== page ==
How to Start a Podcast

Adam Rowe

2019 was the year podcasting turned into a major industry. A few high-profile acquisitions put Spotify into the running against Apple, while buzzy new startups like Luminary jumped into the pool as well.

Today, major media prognosticators including market research company Forrester and the Interactive Advertising Bureau foresee podcasting as the next billion-dollar media market, with a report from the latter saying that one-billion-dollar mark could be surpassed as soon as 2021. 90 million Americans are listening to podcasts, with more every day.

In other words, there's no better time to launch a podcast. But where can a total newbie get started? Here, we'll offer a quick overview of how you can start your own podcast for free (or at least, as cheaply as possible).

This is just a look at the technical side of podcasting: The software, hardware, and infrastructure knowledge you'll need to get a podcast up and running. If you want to create the next Serial, we can help you upload it, but you'll need to contribute the ethical journalism practices yourself.

How to record a podcast

Blue Yeti micA reasonably high-quality microphone is likely the biggest investment you'll need to make. While a low quality option (or even a laptop's built-in mic) can often work surprisingly well, a mid-range microphone splits the difference between audio quality and price.

Popular options include the Blue Yeti microphone ($125 on Amazon) and the Blue Snowball ($68 on Amazon). They're cheap, record good if not great audio, and plug directly into a computer's USB port, avoiding the need for a beginner-unfriendly control panel.

Quality standards can change based on the type of podcast. Most regularly-produced podcasts that center on interviews or discussions won't need to offer as high a quality audio as would a limited-run documentary or fiction podcast.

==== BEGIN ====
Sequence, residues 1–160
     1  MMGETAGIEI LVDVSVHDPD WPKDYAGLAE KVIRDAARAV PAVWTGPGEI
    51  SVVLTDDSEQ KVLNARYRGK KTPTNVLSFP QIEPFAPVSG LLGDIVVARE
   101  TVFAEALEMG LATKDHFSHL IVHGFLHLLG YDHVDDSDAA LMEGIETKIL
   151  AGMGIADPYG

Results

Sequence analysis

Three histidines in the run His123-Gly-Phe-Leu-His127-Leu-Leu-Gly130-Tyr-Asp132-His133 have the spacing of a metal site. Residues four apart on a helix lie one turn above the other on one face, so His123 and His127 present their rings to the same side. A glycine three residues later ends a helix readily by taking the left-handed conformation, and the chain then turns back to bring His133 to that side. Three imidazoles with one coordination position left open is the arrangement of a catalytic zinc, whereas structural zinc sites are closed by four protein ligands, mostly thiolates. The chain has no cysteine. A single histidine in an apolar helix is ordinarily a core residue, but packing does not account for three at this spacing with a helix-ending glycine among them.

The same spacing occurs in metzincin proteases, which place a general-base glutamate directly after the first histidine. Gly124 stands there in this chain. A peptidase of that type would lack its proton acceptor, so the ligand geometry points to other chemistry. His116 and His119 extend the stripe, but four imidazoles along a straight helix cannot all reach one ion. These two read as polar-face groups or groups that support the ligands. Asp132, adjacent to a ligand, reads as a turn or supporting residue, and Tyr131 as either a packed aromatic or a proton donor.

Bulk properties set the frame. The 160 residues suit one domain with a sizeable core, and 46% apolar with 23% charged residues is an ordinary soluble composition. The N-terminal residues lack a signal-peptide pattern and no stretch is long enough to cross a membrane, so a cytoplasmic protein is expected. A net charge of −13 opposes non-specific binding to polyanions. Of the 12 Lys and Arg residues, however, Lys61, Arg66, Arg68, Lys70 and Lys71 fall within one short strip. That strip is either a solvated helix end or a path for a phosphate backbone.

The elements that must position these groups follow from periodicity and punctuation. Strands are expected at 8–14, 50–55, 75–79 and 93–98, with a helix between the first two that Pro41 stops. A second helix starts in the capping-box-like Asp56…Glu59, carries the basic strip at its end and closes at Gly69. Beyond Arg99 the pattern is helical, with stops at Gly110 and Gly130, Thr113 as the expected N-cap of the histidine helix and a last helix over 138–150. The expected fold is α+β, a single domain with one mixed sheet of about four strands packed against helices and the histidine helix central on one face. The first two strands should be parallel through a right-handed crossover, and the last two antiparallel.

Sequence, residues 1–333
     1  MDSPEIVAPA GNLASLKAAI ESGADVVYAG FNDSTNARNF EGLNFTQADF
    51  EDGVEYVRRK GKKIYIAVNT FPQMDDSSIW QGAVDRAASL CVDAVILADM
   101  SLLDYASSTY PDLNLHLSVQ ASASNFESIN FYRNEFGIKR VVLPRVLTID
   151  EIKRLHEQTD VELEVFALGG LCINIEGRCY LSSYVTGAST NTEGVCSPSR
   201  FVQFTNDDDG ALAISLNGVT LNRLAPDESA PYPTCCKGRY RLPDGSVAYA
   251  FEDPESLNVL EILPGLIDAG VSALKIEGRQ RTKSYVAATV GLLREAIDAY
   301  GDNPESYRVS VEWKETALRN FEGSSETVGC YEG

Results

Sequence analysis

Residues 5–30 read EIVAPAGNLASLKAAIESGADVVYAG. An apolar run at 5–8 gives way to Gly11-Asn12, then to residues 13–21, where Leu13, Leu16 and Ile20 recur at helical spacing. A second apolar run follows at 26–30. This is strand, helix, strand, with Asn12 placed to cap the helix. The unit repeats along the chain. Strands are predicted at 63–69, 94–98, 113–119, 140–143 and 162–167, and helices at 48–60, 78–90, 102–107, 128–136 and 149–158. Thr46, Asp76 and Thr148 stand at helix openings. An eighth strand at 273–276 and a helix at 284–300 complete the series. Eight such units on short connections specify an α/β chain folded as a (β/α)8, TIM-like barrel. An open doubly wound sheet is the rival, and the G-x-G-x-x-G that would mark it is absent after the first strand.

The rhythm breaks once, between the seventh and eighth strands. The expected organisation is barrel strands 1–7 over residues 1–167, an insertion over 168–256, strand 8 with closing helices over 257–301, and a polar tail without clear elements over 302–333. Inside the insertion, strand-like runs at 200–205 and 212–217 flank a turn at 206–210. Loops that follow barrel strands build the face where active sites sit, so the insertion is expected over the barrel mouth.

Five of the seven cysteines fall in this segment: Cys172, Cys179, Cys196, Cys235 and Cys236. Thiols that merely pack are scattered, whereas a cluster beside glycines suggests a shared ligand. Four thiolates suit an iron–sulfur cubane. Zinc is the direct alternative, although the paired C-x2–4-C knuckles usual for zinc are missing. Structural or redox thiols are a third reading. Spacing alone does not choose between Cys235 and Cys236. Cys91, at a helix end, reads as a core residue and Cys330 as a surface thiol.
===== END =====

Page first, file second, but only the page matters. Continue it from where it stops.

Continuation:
If you need to interview people who aren't in the room with you, it can be tough to ensure the audio quality on their end is up to snuff. Luckily, Zencastr is the perfect solution — the app gives you a link to send to your remote guest.  The guest can then record their audio locally, before sending you the audio file, which Zencastr can splice into your own half of the audio conversation. Even if your guest is just using a built-in mic, the result is an impressively clear sound. Depending on your needs, the free tier may work fine, though the paid tier will run you $20 per month.

How to edit a podcast

Once you have the raw material, you'll need to learn how to cut and splice it into a final product, complete with a little music. 

If you're looking for a free editing software, the choice is clear: Audacity, a volunteer-developed audio editing program that works on Windows, Mac, and Linux, and doesn't cost a penny. Even some pros use it. Podcast celebrity Griffin McElroy admitted in a 2019 workshop that he still uses it to edit three podcasts a week.

But, if you're big into audio engineering and are willing to pay for the extra bells and whistles, the best paid alternatives are Adobe Audition and Logic Pro X.